STAT 506Homework 5For most problems you will still need to access the data in the PRG1 folder. Use the libname statement we learned toload this each time you work on your assignments calling the library orion. I tried to bold the parts where I expectyo
Purdue University - Main Campus - STAT - 506
STAT 506Homework 6For most problems you will need to access the data in the PRG2 folder. Use the libname statement we learned to loadthis each time you work on your assignments calling the library orion. I tried to bold the parts where I expect you toa
Purdue University - Main Campus - STAT - 506
STAT 506Homework 7For most problems you will need to access the data in the PRG2 folder. Use the libname statement we learned to loadthis each time you work on your assignments calling the library orion. I tried to bold the parts where I expect you toa
Purdue University - Main Campus - STAT - 506
Chapter 1: Introduction1.1 Course Logistics1.2 Purpose of the Macro Facility1.3 Program Flow1Chapter 1: Introduction1.1 Course Logistics1.2 Purpose of the Macro Facility1.3 Program Flow2Objectives3Explain the naming convention that is used for
Purdue University - Main Campus - STAT - 506
Chapter 2: Macro Variables2.1 Introduction to Macro Variables2.2 Automatic Macro Variables2.3 Macro Variable References2.4 User-Defined Macro Variables2.5 Delimiting Macro Variable References2.6 Macro Functions1Chapter 2: Macro Variables2.1 Intro
Purdue University - Main Campus - STAT - 506
Chapter 3: Macro Definitions3.1 Defining and Calling a Macro3.2 Macro Parameters3.3 Macro Storage (Self-Study)1Chapter 3: Macro Definitions3.1 Defining and Calling a Macro3.2 Macro Parameters3.3 Macro Storage (Self-Study)2Objectives3Define and
Purdue University - Main Campus - STAT - 506
Chapter 4: DATA Step and SQL Interfaces4.1 Creating Macro Variables in the DATA Step4.2 Indirect References to Macro Variables4.3 Retrieving Macro Variables in the DATA Step(Self-Study)4.4 Creating Macro Variables in SQL1Chapter 4: DATA Step and SQ
Purdue University - Main Campus - STAT - 506
Chapter 5: Macro Programs5.1 Conditional Processing5.2 Parameter Validation5.3 Iterative Processing5.4 Global and Local Symbol Tables1Chapter 5: Macro Programs5.1 Conditional Processing5.2 Parameter Validation5.3 Iterative Processing5.4 Global a
Purdue University - Main Campus - STAT - 506
Chapter 6: Learning More6.1: SAS Resources6.2: Beyond This Course1Chapter 6: Learning More6.1: SAS Resources6.2: Beyond This Course2Objectives3Identify areas of support that SAS offers.EducationComprehensive training to deliver greater valuet
Purdue University - Main Campus - STAT - 506
Chapter 1: Introduction1.1 Course Logistics1.2 An Overview of Foundation SAS1Chapter 1: Introduction1.1 Course Logistics1.2 An Overview of Foundation SAS2Objectives3Explain the naming convention that is used for thecourse files.Compare the thr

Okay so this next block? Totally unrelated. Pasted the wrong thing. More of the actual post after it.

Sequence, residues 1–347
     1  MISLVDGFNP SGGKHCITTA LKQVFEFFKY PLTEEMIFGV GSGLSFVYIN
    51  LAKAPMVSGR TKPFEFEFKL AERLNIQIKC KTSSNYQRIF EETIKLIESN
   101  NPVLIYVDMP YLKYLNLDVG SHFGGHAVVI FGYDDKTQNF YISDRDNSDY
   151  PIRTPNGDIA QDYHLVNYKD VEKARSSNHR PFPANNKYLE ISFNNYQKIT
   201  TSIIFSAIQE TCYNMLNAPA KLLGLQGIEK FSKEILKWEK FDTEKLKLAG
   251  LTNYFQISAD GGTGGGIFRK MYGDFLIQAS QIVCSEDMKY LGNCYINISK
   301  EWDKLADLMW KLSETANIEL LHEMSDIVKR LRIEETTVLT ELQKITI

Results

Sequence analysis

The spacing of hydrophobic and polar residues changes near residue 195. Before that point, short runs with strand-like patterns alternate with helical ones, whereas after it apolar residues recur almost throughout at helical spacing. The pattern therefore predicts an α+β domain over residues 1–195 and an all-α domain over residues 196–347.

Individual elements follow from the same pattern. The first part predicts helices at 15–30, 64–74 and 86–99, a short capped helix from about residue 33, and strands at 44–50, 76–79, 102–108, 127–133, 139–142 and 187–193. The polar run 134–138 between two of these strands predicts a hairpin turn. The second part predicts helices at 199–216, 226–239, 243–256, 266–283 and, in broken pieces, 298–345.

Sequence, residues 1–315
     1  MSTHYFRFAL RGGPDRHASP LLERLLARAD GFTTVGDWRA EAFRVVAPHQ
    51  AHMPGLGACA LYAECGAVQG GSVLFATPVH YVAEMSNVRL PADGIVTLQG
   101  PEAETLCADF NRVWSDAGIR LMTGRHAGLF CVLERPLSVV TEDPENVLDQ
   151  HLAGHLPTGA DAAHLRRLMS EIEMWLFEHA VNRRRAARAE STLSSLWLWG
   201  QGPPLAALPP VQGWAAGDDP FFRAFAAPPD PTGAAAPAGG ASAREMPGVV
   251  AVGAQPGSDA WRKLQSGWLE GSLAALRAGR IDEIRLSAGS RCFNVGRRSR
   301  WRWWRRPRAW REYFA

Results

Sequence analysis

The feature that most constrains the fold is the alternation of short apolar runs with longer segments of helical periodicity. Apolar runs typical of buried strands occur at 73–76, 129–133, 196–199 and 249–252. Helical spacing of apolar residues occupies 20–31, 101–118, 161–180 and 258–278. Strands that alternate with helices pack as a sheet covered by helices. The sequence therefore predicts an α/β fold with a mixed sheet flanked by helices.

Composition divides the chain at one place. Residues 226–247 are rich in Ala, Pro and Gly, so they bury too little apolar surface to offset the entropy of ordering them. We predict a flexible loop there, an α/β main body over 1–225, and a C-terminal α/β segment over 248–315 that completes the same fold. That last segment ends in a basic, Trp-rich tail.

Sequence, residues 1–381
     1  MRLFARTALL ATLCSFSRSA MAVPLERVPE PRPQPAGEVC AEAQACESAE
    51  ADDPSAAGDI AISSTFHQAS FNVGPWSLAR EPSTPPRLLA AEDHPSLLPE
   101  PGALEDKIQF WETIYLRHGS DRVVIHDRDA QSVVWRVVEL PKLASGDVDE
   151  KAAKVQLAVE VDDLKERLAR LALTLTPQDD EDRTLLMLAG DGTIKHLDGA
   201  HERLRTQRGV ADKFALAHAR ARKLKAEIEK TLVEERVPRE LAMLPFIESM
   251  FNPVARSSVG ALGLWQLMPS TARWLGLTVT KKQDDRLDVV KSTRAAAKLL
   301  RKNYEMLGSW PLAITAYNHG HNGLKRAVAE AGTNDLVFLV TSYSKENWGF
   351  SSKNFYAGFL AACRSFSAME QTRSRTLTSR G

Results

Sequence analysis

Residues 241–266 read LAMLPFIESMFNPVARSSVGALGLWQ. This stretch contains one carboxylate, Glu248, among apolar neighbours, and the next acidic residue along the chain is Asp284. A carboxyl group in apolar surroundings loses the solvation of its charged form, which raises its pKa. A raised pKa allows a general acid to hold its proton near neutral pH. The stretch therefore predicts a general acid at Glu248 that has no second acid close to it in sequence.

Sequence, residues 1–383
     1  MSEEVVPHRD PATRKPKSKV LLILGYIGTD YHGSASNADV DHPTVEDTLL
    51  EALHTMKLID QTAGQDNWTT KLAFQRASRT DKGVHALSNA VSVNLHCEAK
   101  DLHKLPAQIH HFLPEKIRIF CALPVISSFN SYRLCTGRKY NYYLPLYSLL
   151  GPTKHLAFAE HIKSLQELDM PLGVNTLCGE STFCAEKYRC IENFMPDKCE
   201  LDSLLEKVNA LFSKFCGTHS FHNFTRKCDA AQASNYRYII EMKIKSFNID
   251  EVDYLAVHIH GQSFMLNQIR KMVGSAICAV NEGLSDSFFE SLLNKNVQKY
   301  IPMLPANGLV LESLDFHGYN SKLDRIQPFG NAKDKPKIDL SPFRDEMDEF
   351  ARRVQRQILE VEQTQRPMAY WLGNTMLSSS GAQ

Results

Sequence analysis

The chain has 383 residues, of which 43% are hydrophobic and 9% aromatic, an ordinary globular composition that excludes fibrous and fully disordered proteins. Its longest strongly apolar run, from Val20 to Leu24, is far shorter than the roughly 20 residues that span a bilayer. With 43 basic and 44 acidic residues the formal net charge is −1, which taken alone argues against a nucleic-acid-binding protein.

Purdue University - Main Campus - STAT - 506
Chapter 2: Getting Started with SAS2.1 Introduction to SAS Programs2.2 Submitting a SAS Program1Chapter 2: Getting Started with SAS2.1 Introduction to SAS Programs2.2 Submitting a SAS Program2Objectives3List the components of a SAS program.Stat
Purdue University - Main Campus - STAT - 506
Chapter 3: Working with SAS Syntax3.1 Mastering Fundamental Concepts3.2 Diagnosing and Correcting Syntax Errors1Chapter 3: Working with SAS Syntax3.1 Mastering Fundamental Concepts3.2 Diagnosing and Correcting Syntax Errors2Objectives3Identify t
Purdue University - Main Campus - STAT - 506
Chapter 4: Getting Familiar withSAS Data Sets4.1 Examining Descriptor and Data Portions4.2 Accessing SAS Data Libraries4.3 Accessing Relational Databases (Self-Study)1Chapter 4: Getting Familiar withSAS Data Sets4.1 Examining Descriptor and Data P
Purdue University - Main Campus - STAT - 506
Chapter 5: Reading SAS Data Sets5.1 Introduction to Reading Data5.2 Using SAS Data as Input5.3 Subsetting Observations and Variables5.4 Adding Permanent Attributes1Chapter 5: Reading SAS Data Sets5.1 Introduction to Reading Data5.2 Using SAS Data
Purdue University - Main Campus - STAT - 506
Chapter 6: Reading Excel Worksheets6.1 Using Excel Data as Input6.2 Doing More with Excel Worksheets (Self-Study)1Chapter 6: Reading Excel Worksheets6.1 Using Excel Data as Input6.2 Doing More with Excel Worksheets (Self-Study)2Objectives3Use th
Purdue University - Main Campus - STAT - 506
Chapter 7: Reading Delimited Raw Data Files7.1 Using Standard Delimited Data as Input7.2 Using Nonstandard Delimited Data as Input1Chapter 7: Reading Delimited Raw Data Files7.1 Using Standard Delimited Data as Input7.2 Using Nonstandard Delimited D
Purdue University - Main Campus - STAT - 506
Chapter 8: Validating and Cleaning Data8.1 Introduction to Validating and Cleaning Data8.2 Examining Data Errors When Reading Raw Data Files8.3 Validating Data with the PRINT and FREQ Procedures8.4 Validating Data with the MEANS andUNIVARIATE Procedu
Purdue University - Main Campus - STAT - 506
Chapter 9: Manipulating Data9.1 Creating Variables9.2 Creating Variables Conditionally9.3 Subsetting Observations1Chapter 9: Manipulating Data9.1 Creating Variables9.2 Creating Variables Conditionally9.3 Subsetting Observations2Objectives3Crea
Purdue University - Main Campus - STAT - 511
Statistical Methods (STAT 511)Midterm #1, Spring 20118:00-10:00pm, LWSN B155Thursday, February 24, 2011There are totally 27 points in the exam. The students with score higher than or equal to 25points will receive 25 points. Please write down your na
Purdue University - Main Campus - STAT - 511
Statistical Methods (STAT 511)Midterm #1, Spring 20118:00-10:00pm, LWSN B155Thursday, February 24, 2011There are totally 27 points in the exam. The students with score higher than or equal to 25points will receive 25 points. Please write down your na
Purdue University - Main Campus - STAT - 511
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Purdue University - Main Campus - STAT - 511
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Purdue University - Main Campus - STAT - 511
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Purdue University - Main Campus - STAT - 511
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Purdue University - Main Campus - STAT - 511